Monday. 1/11/2021

The Monocle Minute

Image: Getty Images

Opinion / Nic Monisse

Ploughing on

As an Australian, one of the “treats” I enjoy when we visit my partner’s family in Minnesota at Christmas is clearing snow from the driveway. Often it’s with a shovel but if I’m lucky and there’s been a heavy fall, I’ll get a turn on the ride-on-plough. For me, it’s a novelty to play in a winter wonderland but for people who live in the Minneapolis suburbs it has long felt like a chore. The same goes for many snowy cities where the expectation is that residents must clear snow from the footpaths and public spaces adjacent to their homes and businesses.

It’s a situation that transport-advocacy group Better Streets Chicago is petitioning its own city hall to change. A petition, which will be presented to mayor Lori Lightfoot, calls on the city to remove the snow-clearing burden from residents and put the onus of responsibility on the municipality by 2022. At present, the City of Chicago only clears roads, leaving most parking lanes, bus stops, bike racks and footpaths for the community to clear. And while encouraging people to take ownership of public space is a good thing, the reality is that it’s a significant ask. According to Better Streets Chicago, it also leads to inconsistently cleared footpaths, with snow piles from cleared streets pushed into public spaces. On occasion, this blocks access to public bus stops and makes mobility difficult for the elderly and people with disabilities.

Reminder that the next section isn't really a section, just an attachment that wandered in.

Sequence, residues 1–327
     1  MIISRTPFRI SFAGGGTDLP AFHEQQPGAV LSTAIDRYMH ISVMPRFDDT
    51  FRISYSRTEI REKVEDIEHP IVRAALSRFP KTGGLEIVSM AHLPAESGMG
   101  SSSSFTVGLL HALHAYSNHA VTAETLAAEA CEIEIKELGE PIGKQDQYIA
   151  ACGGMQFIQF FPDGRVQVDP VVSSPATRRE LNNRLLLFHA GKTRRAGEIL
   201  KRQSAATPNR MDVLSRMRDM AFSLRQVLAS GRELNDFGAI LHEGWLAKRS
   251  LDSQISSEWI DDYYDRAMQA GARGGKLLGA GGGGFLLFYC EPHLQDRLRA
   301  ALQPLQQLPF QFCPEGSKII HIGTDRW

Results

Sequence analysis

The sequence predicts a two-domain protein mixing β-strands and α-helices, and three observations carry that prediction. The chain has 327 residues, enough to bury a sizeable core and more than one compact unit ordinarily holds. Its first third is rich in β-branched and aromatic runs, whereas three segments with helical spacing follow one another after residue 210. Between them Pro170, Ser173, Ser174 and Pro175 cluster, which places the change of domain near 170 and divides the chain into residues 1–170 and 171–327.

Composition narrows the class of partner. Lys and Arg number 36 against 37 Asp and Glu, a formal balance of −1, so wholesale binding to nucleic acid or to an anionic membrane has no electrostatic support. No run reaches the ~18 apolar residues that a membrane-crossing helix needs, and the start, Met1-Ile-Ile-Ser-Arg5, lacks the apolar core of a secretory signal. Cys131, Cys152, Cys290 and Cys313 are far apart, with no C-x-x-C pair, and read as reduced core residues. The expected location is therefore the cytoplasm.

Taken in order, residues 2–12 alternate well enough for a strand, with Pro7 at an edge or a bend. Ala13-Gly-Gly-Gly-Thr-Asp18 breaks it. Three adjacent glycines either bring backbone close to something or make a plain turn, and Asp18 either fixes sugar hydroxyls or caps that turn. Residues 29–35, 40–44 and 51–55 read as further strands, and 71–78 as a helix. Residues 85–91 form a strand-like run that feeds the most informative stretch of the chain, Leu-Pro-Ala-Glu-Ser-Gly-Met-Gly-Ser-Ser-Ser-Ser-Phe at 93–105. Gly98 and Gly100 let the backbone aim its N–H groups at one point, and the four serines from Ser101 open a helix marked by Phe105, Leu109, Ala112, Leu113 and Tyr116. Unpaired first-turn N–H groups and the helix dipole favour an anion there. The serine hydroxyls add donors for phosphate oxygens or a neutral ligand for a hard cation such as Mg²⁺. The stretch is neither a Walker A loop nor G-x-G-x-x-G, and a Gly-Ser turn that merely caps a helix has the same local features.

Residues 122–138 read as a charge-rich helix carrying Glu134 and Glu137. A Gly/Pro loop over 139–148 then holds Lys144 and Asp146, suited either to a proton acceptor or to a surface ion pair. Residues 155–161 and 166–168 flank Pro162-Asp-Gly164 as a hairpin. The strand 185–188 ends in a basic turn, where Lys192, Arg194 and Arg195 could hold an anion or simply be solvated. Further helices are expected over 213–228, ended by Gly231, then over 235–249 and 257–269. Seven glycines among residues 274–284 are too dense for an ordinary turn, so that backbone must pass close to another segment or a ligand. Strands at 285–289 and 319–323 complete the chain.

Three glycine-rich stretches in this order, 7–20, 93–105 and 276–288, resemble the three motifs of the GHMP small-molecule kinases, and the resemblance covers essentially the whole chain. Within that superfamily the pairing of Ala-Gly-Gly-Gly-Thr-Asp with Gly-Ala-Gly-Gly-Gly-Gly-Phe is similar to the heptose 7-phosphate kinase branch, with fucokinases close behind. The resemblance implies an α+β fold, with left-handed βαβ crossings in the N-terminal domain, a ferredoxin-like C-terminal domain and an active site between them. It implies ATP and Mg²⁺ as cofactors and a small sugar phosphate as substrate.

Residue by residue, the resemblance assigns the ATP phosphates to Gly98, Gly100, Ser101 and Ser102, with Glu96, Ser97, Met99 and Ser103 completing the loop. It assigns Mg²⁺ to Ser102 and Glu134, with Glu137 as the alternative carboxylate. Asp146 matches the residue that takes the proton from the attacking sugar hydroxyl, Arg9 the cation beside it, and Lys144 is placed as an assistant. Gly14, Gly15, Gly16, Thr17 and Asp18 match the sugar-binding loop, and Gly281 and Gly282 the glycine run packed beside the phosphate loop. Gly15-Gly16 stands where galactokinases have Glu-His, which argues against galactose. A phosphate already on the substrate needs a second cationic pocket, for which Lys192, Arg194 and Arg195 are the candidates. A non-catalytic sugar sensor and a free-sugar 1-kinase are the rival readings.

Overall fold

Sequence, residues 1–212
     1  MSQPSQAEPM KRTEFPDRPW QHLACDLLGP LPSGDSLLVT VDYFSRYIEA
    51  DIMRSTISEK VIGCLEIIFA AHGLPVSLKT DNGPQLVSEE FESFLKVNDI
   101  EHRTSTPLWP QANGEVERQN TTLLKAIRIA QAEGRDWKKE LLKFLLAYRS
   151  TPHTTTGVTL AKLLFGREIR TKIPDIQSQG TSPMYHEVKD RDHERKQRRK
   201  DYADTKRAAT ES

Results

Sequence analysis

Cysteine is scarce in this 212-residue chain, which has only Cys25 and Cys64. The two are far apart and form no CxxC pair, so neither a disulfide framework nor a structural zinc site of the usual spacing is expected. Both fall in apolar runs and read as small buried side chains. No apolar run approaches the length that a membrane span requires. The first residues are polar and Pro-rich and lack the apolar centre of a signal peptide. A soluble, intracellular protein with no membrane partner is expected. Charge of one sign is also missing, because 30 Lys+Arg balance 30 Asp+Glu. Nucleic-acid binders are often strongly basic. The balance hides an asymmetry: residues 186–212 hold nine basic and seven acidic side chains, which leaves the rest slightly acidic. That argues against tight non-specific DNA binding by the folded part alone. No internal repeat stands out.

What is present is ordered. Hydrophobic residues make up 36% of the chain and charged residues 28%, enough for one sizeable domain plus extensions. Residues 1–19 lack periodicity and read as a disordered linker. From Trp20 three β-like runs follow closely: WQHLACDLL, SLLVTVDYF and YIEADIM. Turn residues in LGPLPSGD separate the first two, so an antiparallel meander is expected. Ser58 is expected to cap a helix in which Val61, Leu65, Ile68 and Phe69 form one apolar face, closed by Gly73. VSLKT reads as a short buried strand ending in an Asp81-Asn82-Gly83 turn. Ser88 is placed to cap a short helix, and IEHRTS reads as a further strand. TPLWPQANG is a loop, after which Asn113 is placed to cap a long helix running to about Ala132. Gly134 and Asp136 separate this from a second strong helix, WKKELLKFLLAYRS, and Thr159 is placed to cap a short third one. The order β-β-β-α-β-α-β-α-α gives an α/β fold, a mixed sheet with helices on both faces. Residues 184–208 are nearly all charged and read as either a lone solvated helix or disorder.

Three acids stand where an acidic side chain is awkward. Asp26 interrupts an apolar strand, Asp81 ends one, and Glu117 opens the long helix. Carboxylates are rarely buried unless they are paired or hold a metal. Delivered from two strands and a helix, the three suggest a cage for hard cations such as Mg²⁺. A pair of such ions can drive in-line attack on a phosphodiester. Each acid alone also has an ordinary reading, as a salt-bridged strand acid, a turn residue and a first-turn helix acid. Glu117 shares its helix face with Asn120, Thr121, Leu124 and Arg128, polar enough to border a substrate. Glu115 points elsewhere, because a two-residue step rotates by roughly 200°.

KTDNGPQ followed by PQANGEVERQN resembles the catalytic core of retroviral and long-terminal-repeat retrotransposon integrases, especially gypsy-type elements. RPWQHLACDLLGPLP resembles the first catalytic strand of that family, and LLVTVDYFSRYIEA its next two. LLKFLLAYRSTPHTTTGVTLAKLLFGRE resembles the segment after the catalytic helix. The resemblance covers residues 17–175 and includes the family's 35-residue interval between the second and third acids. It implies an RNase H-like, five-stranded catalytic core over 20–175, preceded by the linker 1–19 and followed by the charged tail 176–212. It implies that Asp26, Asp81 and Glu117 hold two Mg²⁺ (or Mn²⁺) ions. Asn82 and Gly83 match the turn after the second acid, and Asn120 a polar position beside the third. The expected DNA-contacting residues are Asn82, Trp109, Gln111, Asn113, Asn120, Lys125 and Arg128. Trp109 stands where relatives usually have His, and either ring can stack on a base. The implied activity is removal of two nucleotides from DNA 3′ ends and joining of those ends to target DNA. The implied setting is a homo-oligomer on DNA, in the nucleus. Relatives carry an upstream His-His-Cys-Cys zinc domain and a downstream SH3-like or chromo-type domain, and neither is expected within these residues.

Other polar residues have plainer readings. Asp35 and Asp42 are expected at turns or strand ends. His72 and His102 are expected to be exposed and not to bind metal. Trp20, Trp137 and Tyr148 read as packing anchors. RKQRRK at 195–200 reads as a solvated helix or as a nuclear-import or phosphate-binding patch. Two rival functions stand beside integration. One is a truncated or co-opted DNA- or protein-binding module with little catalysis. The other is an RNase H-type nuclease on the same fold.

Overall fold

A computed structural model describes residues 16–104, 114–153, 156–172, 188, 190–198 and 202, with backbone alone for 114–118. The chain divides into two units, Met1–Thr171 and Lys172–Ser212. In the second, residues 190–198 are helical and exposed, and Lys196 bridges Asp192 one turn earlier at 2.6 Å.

Lightfoot would be wise to listen to the petition and look to the cities in Canada, Sweden and Finland where this is commonplace. It’s a measure that would make Chicago a walkable and, by extension, more equitable winter city. And for those residents who feel they will miss clearing the snow? I’m sure my in-laws in Minnesota would be happy to hear from you.

Image: Getty Images

Climate / Global

Fair share

After the G20 meeting of the world’s wealthiest nations in Rome this weekend, attention turns to the long-awaited UN climate summit, Cop26, in Glasgow. Developing countries will be pressing their concerns and climate financing remains a key sticking point. In 2009 developed countries agreed to raise $100bn (€85bn) every year from 2020 to 2024 to support developing countries: a target that they are on track to miss. Key stakeholders representing some of the world’s poorest nations will be pushing richer countries to honour their pledge – and go beyond it. An alliance of African member states has called for the target to be raised more than tenfold by 2030. “Countries with developed economies carry the greatest responsibility for climate change as they have historically been the biggest polluters,” South African president Cyril Ramaphosa (pictured) said in the lead-up to the summit. “This is why wealthier countries have an obligation to provide significant financial support in order for developing countries to adapt.”

Image: Getty Images

Health / China

Waiting game

There are fewer than 100 days to go until the Beijing Winter Olympics and China remains one of the last countries with a zero-tolerance policy towards coronavirus. That’s why the country is rolling out mass testing, community lockdowns and travel stoppages to clamp down on a new outbreak of just 250 cases in the past 10 days. But can it really contain the virus in the run-up to the Games? “If China chooses to, it could maintain the zero-coronavirus approach indefinitely,” Benjamin Cowling, a public health epidemiologist at the University of Hong Kong, tells The Monocle Minute.